Tag Archives: State – New York
Colony Diner owners plead guilty to wage violations
Wednesday, May 1st, 2013 Posted in Uncategorized
After a joint investigation involving the Nassau County district attorney’s office and federal and state labor departments, the owners of the Colony Diner in East Meadow have pleaded guilty to underpaying 72 workers and falsifying records, the district attorney’s office said Tuesday.
It was the first such joint investigation under New York State’s Wage Theft Prevention Act, which took effect in April 2011. That law ratchets up the penalties for wage violations.
The owners, George Strifas, 46, of East Hills, and his cousin Thomas Strifas, 41, of Merrick, and their company, Stardust Diners Inc., pleaded guilty to felony counts involving falsifying payroll and time records and one misdemeanor count of failing to comply with state wage laws. They face up to 4 years in prison when they are sentenced July 17.
They have also agreed to pay more than $500,000 as part of the plea: $337,780 in back wages to settle minimum wage and overtime violations, $163,742 in damages to the employees and $48,681 in state unemployment insurance payments.
“The results send a clear message to employers that….
WW Members Win Nearly $1 Million in Wage Theft Case
Monday, October 1st, 2012 Posted in Uncategorized
New York, NY- A federal judge has awarded a group of immigrant workers over $950,000 in unpaid wages for work at a Queens-based beverage distributor. A group of Latino warehouse workers and truck drivers brought the class action lawsuit against Beverage Plus and its owners after years of disrespect and systematic violations of state and federal law, violations which the judge found were intentional. The workers are members of Focus on the Food Chain, a coalition promoting good jobs and a sustainable food system in New York City’s growing food processing and distribution sector.
“My co-workers and I were deprived of our pay and badly exploited but we finally learned about our rights,” said Richard Merino, who drove a delivery truck at Beverage Plus for six years and was a named plaintiff in the case. “We stood up together and now justice has arrived for us and more importantly for our families.”
Beverage Plus employees were worked as many as twelve hours a day, deprived of overtime, and subjected to unlawful deductions from their pay. Individual workers will recover as much as $169,000 and the egregious nature of the company’s conduct resulted in an award of punitive and compensatory damages for retaliation. The workers…
Wage Theft – “Modern Form of Slavery” Persists in NY
Monday, August 20th, 2012 Posted in Uncategorized
NEW YORK – It has been two years since New York passed the Wage Theft Protection Act, but immigrant advocates on Long Island say the law has failed to put a damper on the crime. Liz O’Shaughnessy is president and program director of the nonprofit group CoLoKi, which operates a trailer for day laborers in Freeport. She says in the last couple of months alone, more than two dozen cases have been brought to her attention.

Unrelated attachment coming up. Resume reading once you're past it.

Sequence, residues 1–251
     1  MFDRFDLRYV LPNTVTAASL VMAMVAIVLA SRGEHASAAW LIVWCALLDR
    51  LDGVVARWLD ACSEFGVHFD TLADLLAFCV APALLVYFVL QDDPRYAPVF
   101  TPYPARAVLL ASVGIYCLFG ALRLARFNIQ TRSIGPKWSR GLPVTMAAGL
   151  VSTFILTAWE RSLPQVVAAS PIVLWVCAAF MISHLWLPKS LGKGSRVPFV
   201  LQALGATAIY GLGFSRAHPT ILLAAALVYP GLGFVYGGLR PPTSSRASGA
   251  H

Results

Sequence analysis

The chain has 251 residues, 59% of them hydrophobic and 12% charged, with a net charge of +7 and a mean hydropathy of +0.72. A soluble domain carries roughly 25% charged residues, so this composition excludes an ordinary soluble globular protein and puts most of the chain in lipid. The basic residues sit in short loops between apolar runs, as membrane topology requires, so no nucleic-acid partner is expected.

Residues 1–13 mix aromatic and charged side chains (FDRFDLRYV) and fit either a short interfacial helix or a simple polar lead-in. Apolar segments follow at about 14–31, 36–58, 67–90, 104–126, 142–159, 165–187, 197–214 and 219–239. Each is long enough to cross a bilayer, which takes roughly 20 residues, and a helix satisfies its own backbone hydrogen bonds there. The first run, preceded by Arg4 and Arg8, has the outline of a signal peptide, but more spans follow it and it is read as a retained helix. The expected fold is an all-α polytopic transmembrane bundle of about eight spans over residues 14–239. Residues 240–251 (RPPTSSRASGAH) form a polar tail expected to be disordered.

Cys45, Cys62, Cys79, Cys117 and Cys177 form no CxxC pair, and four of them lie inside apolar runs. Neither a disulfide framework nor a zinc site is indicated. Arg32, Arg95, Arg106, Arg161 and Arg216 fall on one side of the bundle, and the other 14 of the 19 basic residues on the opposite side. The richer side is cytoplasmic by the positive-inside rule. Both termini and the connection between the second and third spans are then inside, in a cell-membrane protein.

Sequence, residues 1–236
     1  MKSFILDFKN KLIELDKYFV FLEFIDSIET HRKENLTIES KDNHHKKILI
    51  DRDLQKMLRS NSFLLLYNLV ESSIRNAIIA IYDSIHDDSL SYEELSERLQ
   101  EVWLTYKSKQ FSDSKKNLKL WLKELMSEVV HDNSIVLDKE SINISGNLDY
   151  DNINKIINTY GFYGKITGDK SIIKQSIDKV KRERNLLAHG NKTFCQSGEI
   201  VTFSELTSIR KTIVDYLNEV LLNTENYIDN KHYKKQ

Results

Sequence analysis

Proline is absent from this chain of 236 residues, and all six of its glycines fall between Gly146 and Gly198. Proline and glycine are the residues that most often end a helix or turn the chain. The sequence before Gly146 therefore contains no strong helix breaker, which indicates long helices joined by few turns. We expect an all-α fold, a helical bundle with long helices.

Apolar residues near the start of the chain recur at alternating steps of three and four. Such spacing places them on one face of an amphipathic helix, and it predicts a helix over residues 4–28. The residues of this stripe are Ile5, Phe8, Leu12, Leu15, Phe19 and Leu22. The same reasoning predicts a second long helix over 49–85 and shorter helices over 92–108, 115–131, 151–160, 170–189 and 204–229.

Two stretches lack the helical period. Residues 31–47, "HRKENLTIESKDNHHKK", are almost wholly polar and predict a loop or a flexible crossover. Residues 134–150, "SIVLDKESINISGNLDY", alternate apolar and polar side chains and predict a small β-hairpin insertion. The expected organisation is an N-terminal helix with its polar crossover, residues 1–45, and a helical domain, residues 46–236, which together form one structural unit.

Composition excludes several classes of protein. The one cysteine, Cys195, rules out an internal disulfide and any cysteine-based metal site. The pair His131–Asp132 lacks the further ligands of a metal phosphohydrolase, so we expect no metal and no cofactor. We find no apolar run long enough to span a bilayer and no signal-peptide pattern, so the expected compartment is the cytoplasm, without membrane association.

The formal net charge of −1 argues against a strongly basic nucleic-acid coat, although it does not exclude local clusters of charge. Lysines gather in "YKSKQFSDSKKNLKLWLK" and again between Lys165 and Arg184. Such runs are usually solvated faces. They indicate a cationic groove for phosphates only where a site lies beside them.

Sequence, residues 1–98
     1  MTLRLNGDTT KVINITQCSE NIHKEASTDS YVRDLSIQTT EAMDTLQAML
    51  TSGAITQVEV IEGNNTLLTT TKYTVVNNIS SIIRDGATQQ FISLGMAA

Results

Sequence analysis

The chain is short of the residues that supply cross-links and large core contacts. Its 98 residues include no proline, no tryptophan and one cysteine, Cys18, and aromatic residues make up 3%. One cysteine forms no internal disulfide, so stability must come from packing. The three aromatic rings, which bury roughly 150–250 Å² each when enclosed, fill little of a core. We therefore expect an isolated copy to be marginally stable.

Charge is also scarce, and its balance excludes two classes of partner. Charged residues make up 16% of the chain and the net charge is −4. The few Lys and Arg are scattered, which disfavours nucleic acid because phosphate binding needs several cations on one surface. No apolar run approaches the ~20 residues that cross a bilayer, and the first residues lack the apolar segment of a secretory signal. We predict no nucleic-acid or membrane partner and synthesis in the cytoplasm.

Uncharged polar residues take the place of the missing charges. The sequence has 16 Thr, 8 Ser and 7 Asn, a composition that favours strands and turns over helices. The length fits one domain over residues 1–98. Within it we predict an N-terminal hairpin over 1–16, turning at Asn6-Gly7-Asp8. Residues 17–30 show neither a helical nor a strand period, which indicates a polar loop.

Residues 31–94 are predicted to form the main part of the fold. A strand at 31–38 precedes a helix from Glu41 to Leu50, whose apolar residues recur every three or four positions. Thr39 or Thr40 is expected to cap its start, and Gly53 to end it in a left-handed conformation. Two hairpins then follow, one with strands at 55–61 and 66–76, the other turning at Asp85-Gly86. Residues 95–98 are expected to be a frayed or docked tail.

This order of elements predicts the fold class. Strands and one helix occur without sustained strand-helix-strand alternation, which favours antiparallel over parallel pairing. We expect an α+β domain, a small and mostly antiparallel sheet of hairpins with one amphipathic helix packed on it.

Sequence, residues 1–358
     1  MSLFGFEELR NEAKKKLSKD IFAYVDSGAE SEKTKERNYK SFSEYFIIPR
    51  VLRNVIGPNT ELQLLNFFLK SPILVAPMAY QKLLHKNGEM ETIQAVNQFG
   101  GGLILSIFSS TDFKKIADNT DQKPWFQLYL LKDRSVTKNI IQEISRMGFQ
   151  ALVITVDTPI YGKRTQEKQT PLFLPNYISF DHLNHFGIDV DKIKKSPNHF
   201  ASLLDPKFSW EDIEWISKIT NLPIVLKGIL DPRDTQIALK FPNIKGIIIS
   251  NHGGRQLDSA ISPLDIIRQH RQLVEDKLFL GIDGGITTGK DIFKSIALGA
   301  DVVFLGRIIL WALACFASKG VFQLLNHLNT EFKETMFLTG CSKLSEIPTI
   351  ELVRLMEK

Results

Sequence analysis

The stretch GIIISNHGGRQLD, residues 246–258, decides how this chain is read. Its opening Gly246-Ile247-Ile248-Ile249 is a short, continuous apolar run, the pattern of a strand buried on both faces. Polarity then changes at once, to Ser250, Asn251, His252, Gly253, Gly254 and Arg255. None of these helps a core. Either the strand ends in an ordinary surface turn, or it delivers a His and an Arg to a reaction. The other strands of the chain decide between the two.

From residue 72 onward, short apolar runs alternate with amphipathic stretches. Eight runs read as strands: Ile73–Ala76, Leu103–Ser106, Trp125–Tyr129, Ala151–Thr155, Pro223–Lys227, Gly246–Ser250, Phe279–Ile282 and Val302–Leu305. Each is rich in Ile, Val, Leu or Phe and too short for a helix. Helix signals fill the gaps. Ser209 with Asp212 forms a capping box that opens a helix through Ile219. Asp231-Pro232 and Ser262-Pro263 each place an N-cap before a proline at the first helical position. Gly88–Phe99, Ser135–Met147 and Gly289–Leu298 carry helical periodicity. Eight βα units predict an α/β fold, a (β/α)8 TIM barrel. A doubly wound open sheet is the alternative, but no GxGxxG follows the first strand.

O’Shaughnessy is not a lawyer, but she says when she is able to track down offending contractors she uses both pleas and threats to try to get them to pay the wages that are due.
“Sometimes that’s enough to scare them into paying, and that’s always a good thing, but some of these guys are savvy to the fact that they can just keep getting away with it. It’s almost like a new form of slavery.”
She has had to deal with some contractors…
College Point firm fined $1M over wages
Thursday, April 12th, 2012 Posted in Uncategorized
A College Point business that cheated a group of workers out of more than $1 million was ordered to pay up and is barred from bidding on contracts in the Big Apple for five years, the city comptroller said last week.
Mascon Restoration Inc., a construction firm that was working on behalf of several city agencies in 2007, not only failed to provide its workers with the prevailing wages required under any public works contract, but told a group of largely undocumented workers that inspectors from the city were also immigration agents, according to city Comptroller John Liu.
“This settlement helps to right the wrongs suffered by these hardworking people, and strong message that contractors working on city projects must pay prevailing wages as required under law,” Liu said at an April 4 news conference.
The company, headquartered at 129-06 18th Ave. and headed by Muhammad Zulfiqar, underpaid a group of what the comptroller’s office estimated at about 10 to 20 people, in some cases only giving them half of the daily wages they were entitled to….
Wages in restaurants: the real bread-and-butter issue
Tuesday, April 3rd, 2012 Posted in Uncategorized
More and more, people want to know where their food and drink comes from. We ask: were these grapes organically grown, or doused with pesticides? Were the cows that make up this burger free to roam the pastures or crammed into overcrowded feedlots?
Less often do we ask about the conditions under which our food is prepared and served to us at our favorite restaurants.
A string of recent lawsuits suggest we should. Flyers recently slapped on lampposts in my neighborhood, the East Village in Manhattan, refer to one of them: three bartenders accuse the owners of downtown wine/tapas spots Bar Veloce and Bar Carrera of skimming up to 30% of their tips, along with failing to pay proper wages and overtime. The flyers exhort locals to think twice before frequenting these bars, along with nearby Porsena and Ugly Kitchen – also owned by defendant Frederick Twomey, who denies the allegations.